First off…. if you are unfamiliar with the term “responsive web design” (RWD) check out A List Apart's article on responsive web design.
Now that that's out of the way. I'd like to take a look at a recent issue brought up by a client I was working with. In building out their website with fluid grids and RWD, we came across a small issue. That issue was that when a visitor of the website was using a tablet, phone or any smaller-dimension browsing device, there was no way for them to get back to a full site view.
This may sound a little strange, but it got me thinking. Remember when mobile versions of a website because really popular? Remember when jQuery mobile came out? Both of these solutions came about because we wanted an easy way to present our websites to clients on smaller devices, especially phones. While iPhones and Android browsers are great, sometimes you want a smaller version of the website to quickly navigate around and get the information you came seeking. Unfortunately not everyone has the money or really even needs a full blown native mobile app, but pretty much everyone these days should consider some sort of mobile solution. This is what spawned the mobile version of websites and ultimately the need for responsive design. Shortly after the creation of mobile version websites, developers needed a way to give the visitor the ability to go back to the “desktop version” of a site while on their phones. This is because generally speaking, a mobile version of a website is quite a bit different than the desktop version. Usually there are less images and less interactive features. Mobile websites generally focus more on content than anything else. The idea is to give the reader a quick overview or snapshot of what your company does.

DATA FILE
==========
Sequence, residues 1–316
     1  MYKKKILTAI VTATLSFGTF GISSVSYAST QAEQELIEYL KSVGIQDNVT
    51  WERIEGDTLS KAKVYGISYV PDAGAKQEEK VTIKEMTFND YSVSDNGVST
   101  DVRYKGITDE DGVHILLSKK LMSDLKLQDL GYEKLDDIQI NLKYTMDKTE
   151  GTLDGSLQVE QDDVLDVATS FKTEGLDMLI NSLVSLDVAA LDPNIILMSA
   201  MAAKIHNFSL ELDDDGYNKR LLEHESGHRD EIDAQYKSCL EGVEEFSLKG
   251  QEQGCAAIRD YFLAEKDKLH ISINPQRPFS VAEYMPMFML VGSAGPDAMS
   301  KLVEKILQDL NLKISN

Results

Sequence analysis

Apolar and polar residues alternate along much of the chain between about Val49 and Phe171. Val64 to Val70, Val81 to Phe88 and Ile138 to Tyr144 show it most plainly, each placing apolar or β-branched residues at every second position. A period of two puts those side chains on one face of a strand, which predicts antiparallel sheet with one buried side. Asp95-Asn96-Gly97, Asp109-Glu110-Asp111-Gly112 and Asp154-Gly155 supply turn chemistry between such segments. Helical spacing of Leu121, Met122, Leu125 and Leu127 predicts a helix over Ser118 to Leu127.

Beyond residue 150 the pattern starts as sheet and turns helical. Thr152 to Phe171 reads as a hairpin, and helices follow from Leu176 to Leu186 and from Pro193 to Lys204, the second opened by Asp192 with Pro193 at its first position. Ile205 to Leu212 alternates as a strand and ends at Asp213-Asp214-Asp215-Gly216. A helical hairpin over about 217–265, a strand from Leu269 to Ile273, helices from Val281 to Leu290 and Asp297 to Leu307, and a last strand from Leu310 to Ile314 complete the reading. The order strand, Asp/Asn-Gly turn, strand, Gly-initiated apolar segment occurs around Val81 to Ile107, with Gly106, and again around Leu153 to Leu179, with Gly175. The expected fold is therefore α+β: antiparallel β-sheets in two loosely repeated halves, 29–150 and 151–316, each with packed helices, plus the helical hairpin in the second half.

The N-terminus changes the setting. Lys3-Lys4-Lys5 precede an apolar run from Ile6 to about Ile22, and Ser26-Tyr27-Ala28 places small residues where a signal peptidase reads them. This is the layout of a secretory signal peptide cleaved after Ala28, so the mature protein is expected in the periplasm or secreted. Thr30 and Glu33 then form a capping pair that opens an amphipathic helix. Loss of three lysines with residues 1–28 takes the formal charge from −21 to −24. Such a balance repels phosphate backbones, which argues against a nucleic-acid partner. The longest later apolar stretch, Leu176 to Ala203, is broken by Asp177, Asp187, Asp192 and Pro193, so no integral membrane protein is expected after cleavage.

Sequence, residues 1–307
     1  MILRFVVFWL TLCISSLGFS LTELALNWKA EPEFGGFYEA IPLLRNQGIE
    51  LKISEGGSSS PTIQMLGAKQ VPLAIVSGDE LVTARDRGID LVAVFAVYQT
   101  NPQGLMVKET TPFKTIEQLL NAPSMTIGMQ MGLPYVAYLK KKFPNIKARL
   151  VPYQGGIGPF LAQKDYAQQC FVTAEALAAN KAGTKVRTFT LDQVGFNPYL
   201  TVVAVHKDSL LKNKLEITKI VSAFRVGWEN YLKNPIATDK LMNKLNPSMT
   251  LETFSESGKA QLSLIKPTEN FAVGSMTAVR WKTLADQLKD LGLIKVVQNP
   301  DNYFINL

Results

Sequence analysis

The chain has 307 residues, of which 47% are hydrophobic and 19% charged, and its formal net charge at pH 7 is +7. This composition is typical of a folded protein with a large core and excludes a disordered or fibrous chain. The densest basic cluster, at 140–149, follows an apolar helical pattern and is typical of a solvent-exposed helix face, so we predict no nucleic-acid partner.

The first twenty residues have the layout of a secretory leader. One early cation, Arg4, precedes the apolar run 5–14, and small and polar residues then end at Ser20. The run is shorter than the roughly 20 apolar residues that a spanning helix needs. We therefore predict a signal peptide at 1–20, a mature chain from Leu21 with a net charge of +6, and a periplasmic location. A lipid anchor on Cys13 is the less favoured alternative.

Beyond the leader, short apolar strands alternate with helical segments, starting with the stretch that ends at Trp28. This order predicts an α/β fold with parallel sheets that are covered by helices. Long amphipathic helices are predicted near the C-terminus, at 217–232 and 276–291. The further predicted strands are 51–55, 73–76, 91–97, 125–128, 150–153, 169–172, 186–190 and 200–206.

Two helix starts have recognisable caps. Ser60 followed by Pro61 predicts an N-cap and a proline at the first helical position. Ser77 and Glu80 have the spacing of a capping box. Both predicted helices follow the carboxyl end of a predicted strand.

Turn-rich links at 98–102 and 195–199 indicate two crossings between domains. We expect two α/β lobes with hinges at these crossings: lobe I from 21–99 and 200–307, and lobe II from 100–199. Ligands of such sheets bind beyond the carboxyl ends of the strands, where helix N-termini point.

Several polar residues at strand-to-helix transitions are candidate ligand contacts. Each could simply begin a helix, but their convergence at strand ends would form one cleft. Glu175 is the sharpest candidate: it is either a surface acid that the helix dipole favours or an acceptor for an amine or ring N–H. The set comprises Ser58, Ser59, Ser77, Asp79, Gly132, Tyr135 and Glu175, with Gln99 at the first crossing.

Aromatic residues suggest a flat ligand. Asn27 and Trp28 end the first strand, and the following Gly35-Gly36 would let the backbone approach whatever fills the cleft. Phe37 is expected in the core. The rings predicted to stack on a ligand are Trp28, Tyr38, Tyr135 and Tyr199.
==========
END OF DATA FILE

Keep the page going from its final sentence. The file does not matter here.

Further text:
So, back to my original problem. When creating a website using RWD, does one need to include a way to go back to a desktop version? You see, a mobile version a lot of times sits on a subdomain like mobile.domain.com or m.domain.com. With RWD, there is no “other version” of the website but rather you use CSS3 media queries to determine how the content is portrayed to the visitor depending on the dimensions of their browsing window. Since it's not a separate version of the site, how and more importantly should you include a way to go back to a full desktop version.
When I first started using RWD over a year ago, I didn't ever consider this. I figured since we would still be showing the exact same site with just little bit less flair, the visitor didn't need a way to “go back”. Recently though, as many companies are embracing this technology, I find myself more and more frustrated that I can't view certain sites on my iPhone the way they were originally meant to be viewed. There is not way to go back. After having a brief discussion with this client I'm currently working with, they decided they did want a way to do this.
To not drag this on any further, I've decided that it's much better to just give the visitors the choice. How can this be handled? Well there are many ways to tackle this from a programming standpoint. The BEST way, in my opinion, is to take care of it using your server-side language and setting either a temporary cookie or using a session to create an ID on the body tag that will override all of the media queries and thus presenting the site in its original format. It's not a small task, but once you build it into the framework of your choice, it will be done.
I have yet to do this on my website, which currently utilizes RWD, but when I get time I'll post up the code example of how I did it in case you are wondering. In the meantime, feel post a comment below or share your thoughts.